Sunday, February 12, 2017

Happy Birthday, Carole Boston Weatherford - February 13

Happy Birthday, Carole Boston Weatherford - February 13

On January 23, 2017, Freedom in Congo Squarewritten by Carole Boston Weatherford and illustrated by R. Gregory Christie, was awarded a Caldecott Honor Award. I had just checked out the book from the library and decided to read it that night to my children before bedtime instead of waiting a couple of weeks for our birthday celebration. I shared with them, "Today this book received a Caldecott award."

My six-year-old asked, "The gold medal or the silver one?"

I said, "The silver one. The Caldecott Honor."  He said, "Oh, that's cool." I reminded my children that we met the author at the Chesapeake Children's Book Festival last summer.  Then, I started reading.

My nine-year-old son interrupted me on the second page, "I remember this book. I remember her voice. I remember the way she said the words."


I remembered too. Hearing Carole Boston Weatherford read Freedom in Congo Square was the highlight of my experience at the Chesapeake Children's Book Festival. Carole believes, "poetry makes music with words." Her words were music. Her words made a lasting impression on me and my son.

Carole Boston Weatherford is the author of over 40 books in a wide variety of genres. Her poetry, historical fiction, biographies, and more are enjoyed by children and adults. Many of her books have received awards including, Becoming Billie Holiday, a Coretta Scott King author award recipient in 2009.

Her parents were instrumental in recognizing her gift for writing. Her mother stopped the car after Carole read her a poem from the back seat. She asked Carole, just a first grader, to repeat the poem so she could write it down. Her father, a high school printing teacher, made Carole's poems extra special when he printed them for her on notecards. (cbweatherford.com). She said in an interview with the The Brown Bookshelf, "The Creator called me to be poet. I hear words strung together in my head just as a composer hears notes and chords."

Carole went on to study Persuasive Communications and Promotions at American University. Shortly after graduating she was successful publishing a poem in a magazine. She told Bookpage, "When I saw that poem in print, I thought, that's what I want to do! I came out of the closet as a poet, I always say."

After getting married, having children, and pursuing another master's degree she decided to write for children. She was inspired by the multicultural books she found during her trips to the library with her own children. (Bookpage). In 1995, she published her first book Juneteenth Jamboree.

Carole continues to "mine the past for family stories, fading traditions, and forgotten struggles." (cbweatherford.com) Two of her most recent books are perfect examples this, Voice for Freedom Fannie Lou Hamer: Spirit of Civil Rights Movement, a 2016 Caldecott Honor Winner, illustrated by Ekua Holmes and You Can Fly: The Tuskegee Airmenillustrated by her son, Jeffery Boston Weatherford.

Our birthday celebration activity was inspired by Carole's first book to receive a Caldecott Honor (2007), Moses: When Harriet Tubman Led Her People To Freedom, illustrated by Kadir Nelson. Listen to Carole talk about Moses in the short video below:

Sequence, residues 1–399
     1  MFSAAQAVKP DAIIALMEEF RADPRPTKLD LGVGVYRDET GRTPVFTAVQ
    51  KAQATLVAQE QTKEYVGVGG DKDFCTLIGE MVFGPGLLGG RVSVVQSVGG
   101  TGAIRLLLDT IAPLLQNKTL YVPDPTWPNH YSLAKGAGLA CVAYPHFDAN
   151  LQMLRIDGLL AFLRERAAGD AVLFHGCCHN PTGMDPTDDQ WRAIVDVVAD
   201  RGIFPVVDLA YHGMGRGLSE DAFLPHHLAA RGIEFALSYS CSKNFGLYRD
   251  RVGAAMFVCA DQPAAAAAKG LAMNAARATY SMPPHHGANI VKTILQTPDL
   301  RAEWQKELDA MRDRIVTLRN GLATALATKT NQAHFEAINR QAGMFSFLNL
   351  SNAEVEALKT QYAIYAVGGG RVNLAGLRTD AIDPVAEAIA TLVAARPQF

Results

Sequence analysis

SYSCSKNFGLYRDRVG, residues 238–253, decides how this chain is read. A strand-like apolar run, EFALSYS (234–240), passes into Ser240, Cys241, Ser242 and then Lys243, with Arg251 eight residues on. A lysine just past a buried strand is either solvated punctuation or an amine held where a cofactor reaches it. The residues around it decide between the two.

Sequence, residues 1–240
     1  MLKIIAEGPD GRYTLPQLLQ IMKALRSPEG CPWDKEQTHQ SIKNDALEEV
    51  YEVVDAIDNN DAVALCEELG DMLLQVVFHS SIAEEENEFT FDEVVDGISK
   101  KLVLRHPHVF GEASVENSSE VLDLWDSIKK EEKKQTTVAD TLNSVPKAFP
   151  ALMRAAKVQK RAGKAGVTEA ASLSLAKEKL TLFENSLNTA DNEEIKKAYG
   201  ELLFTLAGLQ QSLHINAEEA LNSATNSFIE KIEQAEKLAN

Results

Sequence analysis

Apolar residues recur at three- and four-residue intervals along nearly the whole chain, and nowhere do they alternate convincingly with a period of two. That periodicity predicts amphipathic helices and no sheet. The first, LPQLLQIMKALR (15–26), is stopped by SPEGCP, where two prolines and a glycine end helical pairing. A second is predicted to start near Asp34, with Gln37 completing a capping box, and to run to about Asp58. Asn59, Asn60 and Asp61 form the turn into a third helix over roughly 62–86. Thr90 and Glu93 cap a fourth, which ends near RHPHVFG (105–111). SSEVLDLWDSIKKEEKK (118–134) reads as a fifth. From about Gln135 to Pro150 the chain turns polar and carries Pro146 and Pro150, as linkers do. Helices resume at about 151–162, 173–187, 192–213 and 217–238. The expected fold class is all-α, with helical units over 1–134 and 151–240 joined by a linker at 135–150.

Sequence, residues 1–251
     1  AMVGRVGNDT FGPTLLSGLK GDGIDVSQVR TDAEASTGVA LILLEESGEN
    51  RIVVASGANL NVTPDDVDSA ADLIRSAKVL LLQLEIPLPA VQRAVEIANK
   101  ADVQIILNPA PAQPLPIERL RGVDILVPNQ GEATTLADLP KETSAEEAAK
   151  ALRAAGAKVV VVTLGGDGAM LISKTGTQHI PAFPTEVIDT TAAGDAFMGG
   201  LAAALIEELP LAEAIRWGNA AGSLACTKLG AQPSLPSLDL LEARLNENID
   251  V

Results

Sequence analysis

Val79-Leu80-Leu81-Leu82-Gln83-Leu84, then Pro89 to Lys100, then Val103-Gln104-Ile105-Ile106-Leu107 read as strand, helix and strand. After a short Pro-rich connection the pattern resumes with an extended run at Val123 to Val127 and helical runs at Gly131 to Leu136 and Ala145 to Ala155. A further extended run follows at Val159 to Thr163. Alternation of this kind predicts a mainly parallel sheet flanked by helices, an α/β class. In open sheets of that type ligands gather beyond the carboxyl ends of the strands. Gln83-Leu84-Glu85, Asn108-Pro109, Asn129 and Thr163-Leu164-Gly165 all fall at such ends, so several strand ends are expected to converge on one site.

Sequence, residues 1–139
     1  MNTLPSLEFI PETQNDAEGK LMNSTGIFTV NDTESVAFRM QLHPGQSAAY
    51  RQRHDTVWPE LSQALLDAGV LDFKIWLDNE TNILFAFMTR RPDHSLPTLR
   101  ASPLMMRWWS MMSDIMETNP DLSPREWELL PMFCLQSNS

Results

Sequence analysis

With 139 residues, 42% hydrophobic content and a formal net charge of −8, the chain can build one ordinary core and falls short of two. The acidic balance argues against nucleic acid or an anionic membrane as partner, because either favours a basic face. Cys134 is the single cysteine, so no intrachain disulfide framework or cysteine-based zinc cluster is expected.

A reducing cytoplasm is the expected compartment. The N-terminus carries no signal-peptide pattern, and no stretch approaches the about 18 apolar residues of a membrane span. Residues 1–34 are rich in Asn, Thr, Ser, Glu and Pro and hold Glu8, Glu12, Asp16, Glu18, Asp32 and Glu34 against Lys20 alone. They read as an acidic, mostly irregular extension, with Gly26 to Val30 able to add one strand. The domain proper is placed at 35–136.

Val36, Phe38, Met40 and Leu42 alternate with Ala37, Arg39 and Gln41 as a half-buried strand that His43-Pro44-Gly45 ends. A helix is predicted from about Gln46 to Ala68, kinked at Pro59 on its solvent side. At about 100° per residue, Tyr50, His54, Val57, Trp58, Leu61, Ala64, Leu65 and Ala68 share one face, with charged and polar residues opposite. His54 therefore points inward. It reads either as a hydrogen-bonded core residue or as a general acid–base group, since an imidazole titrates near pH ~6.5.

We traveled to Cincinnati, Ohio to visit the National Underground Railroad Freedom Center. 
The museum staff suggested that we start our tour on the top floor at the From Slavery to Freedom exhibit.
The amount of information was overwhelming. We tried to soak up as much as we could.
Whenever I saw something about Harriet Tubman or the Underground Railroad I read the information to whoever would listen.
We would have failed this test. 
We learned that Ohio played an important role on the pathway to freedom for many. 
We learned that Harriet Tubman later served as a spy during the Civil War.
The most powerful piece in the museum was the Slave Pen. This building was once used to hold slaves for sale. Read more about this exhibit on the National Underground Railroad Freedom Center's website.
There were chains in this box. They could not believe that chains were used on people.

My children learned a lot from the interactive exhibit that had them make choices to see if they would be able escape to freedom or get caught. They got caught when they chose to climb a tree to avoid a few stray dogs.
This wagon had a false bottom to aide in moving slaves to a safe area.
We learned that there were many paths to freedom, including to Mexico.
My son was intrigued by all the hiding places that were utilized in houses.

A memorable learning day with my family.
After the museum we visited the Blue Manatee Children's Book Store. It was only about 15 minutes away.
We found Voice for Freedom Fannie Lou Hamer: Spirit of Civil Rights Movement on display at the store.
Carole, we are so happy to have met you at the Chesapeake Children's Book Festival. Thank you for sharing your birthday with us so we could celebrate. Also, thank you for writing books that helped us learn from the struggles and triumphs of others. We hope you have a wonderful birthday!

Check out Carole Boston Weatherford's new book, THE LEGENDARY MISS LENA HORNE, released January 24, 2017:


Links:
2. Video Interview - Reading Rockets, PBS - NC Bookwatch
3. Interview - The Brown Bookshelf, School Library Journal, Cynsations (2016), Cynsations (2009), Poetry for Children,
4. Audio Interview - Brassy Brown
5. CAROLE BOSTON WEATHERFORD: Sunday's Respite is Full of Song - Bookpage
6. INSPIRED BY LADY DA, CAROLE BOSTON WEATHERFORD JAZZY POETRY AND PROSE - American University
7. Teacher's Guide - MOSES
8. 2010 NC Award Winner - YouTube Video (Great video!)

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